Creative Film Society


The Creative Film Society (CFS) was formed in 1957 by Robert Pike primarily to distribute independent and experimental short films, with an emphasis on filmmakers in the Southern California region. Well-known filmmakers whose works were distributed by CFS included Scott Bartlett, Stan Brakhage, Mary Ellen Bute, Charles and Ray Eames, Len Lye, Stan Vaderbeek, and John Whitney, as well as a number of student filmmakers from the Los Angeles area. CFS also distributed a number of entertainment films, including Betty Boop cartoons by Max Fleischer, silent comedies by Mack Sennett, and films featuring Charlie Chaplin, Buster Keaton, W.C. Fields, and Abbott and Costello. Classic feature films distributed by CFS included The battleship Potemkin (1925), The Blue Angel (1930), The General (1927), The gold rush (1925), The last laugh (1924), Metropolis (1927), The phantom of the Opera (1925), and Steamboat Bill, Jr. (1928). After Robert Pike's death in 1974, his widow, Angeline Pike, continued to operate Creative Film Society until 1999, when she stopped distributing films and donated the bulk of the CFS library to the UCLA Film & Television Archive. In most cases, Mrs. Pike was able to donate two prints of each title, one for use and one for conservation.[Source Creative Film Society Collection Finding Aid, UCLA Film and Television Archive]The Creative Film Society was formed in 1957 by Robert Pike, as an informal affiliation of West Coast filmartists dedicated to the promotion of film as an art form. Our primary function was the rental and sale distribution of the 16mm motion pictures produced by our members. But as rental and sale interest increased through the years for film-art shorts, it became necessary for us to similarly increase the concept of our distribution function to meet the needs of our customers. For this reason, we added to out rental library classic examples of all types of creative short subjects, as well as several historically important feature films. At the same time, we invited filmartists from other areas, both in this country and abroad, to allow us to represent the best examples of their work, in addition to any distributions representation they might already have. As a result, today the CFS has the most comprehensive 16mm. rental library of film-art shorts in this country, ranging in style from old-time comedy classics to the most sophisticated examples of pure film-art, and ranging in time from the earliest works of Edison, Melies, and Cohl to the latest film-art shorts produced in the 1974.Originally, the CFS film rental library was designed to meet the needs of college and private film societies, as those organizations were the basic customers for film-art shorts. However, in recent years, with an ever-increasing emphasis being placed on the motion picture medium as the primary vehicle for the communication of ideas and information, we have found that most of the films in our rental library are equally useful to religious groups, public schools, and classes in film history and appreciation. Therefore, from he over nine hundred 16mm films listed in this catalogue, we are proud to state that virtually every type of organization can find material to fit its needs. Moreover, out films are continually being reviewed in such publications as: The Booklist, Media & Methods, The Christian Advocate, Landers Film Reviews, Filmmakers Newsletter, Media for Christian Formation, as well as the regular film-art magazines and books. Wherever possible, we have quoted from these reviews in the catalogue descriptions as an aid to your selection decision. However, should any customer wish further clarification as to whether a specific film is suitable for his use, he need only write or phone us, and we will be happy to discuss the selection of appropriate films to fit his needs. We do not, however, accept collect phone calls. [Source Creative Film Society Catalog, 1975]According to historian David James, CFS played 'a major role in publicizing experimental film and in bringing the Los Angeles avant-garde film communities together,' and helped lay the groundwork for later organizations like the Los Angeles Independent Film Oasis and, of course, Los Angeles Filmforum.[Source Los Angeles Filmforum Notes, June 15, 2009]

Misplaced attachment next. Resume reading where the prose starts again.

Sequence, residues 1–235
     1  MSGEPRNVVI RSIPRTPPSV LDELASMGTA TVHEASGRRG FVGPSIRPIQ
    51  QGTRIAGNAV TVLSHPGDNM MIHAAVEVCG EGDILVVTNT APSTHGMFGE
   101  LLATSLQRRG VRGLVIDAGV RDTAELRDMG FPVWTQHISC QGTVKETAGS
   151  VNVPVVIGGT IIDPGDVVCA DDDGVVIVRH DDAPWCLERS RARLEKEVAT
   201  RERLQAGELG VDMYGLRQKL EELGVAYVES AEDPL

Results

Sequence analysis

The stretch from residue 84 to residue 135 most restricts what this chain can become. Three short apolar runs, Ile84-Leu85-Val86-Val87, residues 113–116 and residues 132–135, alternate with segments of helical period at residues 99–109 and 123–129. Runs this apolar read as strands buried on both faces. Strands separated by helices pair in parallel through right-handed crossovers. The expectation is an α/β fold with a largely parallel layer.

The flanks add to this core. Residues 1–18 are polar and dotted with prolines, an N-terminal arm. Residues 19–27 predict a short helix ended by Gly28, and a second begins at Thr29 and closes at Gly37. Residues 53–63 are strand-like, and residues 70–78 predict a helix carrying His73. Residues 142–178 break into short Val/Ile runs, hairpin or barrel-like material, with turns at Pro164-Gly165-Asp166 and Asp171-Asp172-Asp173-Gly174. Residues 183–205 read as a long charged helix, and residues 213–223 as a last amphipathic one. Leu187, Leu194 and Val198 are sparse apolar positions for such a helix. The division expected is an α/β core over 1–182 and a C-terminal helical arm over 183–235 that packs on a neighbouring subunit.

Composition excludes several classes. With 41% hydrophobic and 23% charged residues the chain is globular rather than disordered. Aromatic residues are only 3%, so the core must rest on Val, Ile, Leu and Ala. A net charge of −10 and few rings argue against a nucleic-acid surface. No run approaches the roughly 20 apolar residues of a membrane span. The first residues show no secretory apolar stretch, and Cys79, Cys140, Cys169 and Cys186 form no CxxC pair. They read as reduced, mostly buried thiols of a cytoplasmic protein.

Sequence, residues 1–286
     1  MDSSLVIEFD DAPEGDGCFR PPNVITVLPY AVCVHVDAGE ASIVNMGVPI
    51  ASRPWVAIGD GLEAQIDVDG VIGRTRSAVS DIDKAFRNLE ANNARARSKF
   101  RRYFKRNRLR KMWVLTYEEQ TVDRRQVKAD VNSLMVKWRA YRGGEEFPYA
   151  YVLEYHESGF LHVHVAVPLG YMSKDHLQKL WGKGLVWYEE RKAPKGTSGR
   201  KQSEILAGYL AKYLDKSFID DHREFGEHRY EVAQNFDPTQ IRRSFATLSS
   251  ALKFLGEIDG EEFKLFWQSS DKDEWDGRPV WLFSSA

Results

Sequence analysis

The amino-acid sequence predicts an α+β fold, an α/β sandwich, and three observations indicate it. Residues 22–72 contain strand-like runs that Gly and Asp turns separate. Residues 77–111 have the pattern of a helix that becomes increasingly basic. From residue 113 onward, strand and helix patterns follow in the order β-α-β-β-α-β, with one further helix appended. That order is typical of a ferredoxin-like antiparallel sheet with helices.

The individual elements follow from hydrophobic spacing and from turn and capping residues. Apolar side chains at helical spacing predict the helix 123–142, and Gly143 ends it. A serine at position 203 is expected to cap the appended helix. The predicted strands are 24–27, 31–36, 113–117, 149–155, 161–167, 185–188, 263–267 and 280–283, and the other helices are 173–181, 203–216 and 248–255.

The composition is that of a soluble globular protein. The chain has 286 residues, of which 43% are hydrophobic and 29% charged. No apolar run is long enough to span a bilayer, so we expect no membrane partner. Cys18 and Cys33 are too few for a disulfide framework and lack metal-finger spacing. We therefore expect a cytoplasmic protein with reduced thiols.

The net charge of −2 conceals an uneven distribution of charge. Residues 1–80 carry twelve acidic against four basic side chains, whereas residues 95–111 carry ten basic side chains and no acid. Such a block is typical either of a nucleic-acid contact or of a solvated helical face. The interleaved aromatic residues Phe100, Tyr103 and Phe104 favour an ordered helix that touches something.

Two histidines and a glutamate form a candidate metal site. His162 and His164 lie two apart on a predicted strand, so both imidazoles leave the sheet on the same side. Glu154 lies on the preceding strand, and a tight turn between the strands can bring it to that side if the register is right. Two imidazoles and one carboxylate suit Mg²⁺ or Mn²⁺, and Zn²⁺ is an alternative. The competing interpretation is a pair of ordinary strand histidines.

Screening Venues

Los Angeles, CA